May 1, 2023

The Big Issues


  • HB 1454, authored by Rep. Craig Snow (R-Warsaw) and sponsored by Sen. Eric Bassler (R-Washington), is one of the largest bills of the session and includes many provisions relating to local government finance. Every year Aim tracks the language in this bill for both positive and negative impacts on municipalities. It was one of the last bills to finish and included many provisions that were added at the very end of session.
  • Aim was successful in advocating for the removal of language that would have moved hospitals and related health care facilities to the 2% property tax cap category, a move that would have had significant fiscal impacts on local units. Aim also successfully supported removing language that prohibited local units from charging permit fees or other fees for work in the rights-of-way if the permittee already paid franchise fees.
  • Unfortunately, language was added at the end of session to require RDCs to adopt an annual spending plan from which they cannot deviate throughout the year and language to sunset all existing food and beverage taxes in 2045 or the expiration date of their bonds.


  • HB 1016, as introduced, would have automatically opted every municipal police and fire department into a merit board system if they serve a population of 10,000 or more and have at least 12 full-time staff. Both the public safety employees and the city or town council would have to vote to opt out of this provision.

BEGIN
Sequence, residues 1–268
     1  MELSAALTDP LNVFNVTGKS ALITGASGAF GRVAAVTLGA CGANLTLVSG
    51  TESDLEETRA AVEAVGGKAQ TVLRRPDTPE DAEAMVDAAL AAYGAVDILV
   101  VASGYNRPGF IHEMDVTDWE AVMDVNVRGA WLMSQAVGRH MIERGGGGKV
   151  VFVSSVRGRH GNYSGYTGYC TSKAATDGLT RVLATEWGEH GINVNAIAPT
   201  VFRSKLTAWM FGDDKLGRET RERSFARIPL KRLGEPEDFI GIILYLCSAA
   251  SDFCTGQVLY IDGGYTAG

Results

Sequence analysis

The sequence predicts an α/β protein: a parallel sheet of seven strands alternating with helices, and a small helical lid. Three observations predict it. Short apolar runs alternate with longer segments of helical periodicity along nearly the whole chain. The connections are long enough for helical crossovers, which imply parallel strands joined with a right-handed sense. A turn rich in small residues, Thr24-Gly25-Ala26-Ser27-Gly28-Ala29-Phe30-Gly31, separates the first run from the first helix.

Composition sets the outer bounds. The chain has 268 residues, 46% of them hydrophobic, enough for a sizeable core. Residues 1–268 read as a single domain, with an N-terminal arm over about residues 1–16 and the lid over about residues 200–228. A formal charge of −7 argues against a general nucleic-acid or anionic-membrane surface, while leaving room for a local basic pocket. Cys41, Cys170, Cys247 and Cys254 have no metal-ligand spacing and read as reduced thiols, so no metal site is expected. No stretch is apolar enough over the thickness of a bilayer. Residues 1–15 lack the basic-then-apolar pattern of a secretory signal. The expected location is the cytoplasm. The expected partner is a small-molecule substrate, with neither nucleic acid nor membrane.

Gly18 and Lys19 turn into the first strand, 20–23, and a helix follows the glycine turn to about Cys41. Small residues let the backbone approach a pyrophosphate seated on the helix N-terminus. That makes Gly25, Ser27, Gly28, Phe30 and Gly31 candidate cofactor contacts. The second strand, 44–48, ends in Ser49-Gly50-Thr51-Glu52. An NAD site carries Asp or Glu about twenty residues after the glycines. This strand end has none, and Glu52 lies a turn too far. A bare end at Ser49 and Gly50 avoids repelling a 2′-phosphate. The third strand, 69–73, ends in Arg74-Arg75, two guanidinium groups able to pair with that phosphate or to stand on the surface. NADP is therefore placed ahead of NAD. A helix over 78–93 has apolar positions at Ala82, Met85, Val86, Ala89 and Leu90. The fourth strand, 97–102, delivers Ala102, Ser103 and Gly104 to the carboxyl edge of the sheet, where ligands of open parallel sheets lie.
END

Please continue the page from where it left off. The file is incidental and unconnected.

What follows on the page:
• Aim worked on a compromise when the bill was being considered in Senate Pensions and Labor to require a public hearing and vote by the legislative body by October 2023 on whether to have a merit board in all of these communities. If the legislative body declined to move forward with a merit system this year, the public safety groups had the option to bring the topic up for a vote in the following year before the council.
  • In the final week of session, changes were made to opt every department into a merit system if they serve a population of 20,000 or more for four years after which the council could vote to opt back out of the merit system. Aim worked to defeat this change on the floor and go back to the Senate passed compromise language but in the end the change did pass the Senate with a vote of 32-18.


  • Throughout the 2023 legislative session, there were ongoing conversations about how to provide residential property owners property tax relief due to rising home prices and assessments during 2022. Changes to provide relief were included in HB 1499, SB 325, and SB 46.
  • HB 1499 caps levy growth for municipalities at 4% for two years, raises the supplemental homestead deduction by 5% for two years, and updates the over 65 circuit breaker to be consistent with income limits for other over 65 benefits. It also allows counties to voluntarily provide property tax rebates in 2023. SB 325 changed the definition of a homestead following an Indiana Tax Court case. The new definition is expanded relative to the traditional definition, providing over $17M in property tax relief statewide. SB 46 allows counties to provide optional additional circuit breakers that cap property tax liability growth between 2-5% (whatever is decided locally) on all or part of the county residential properties.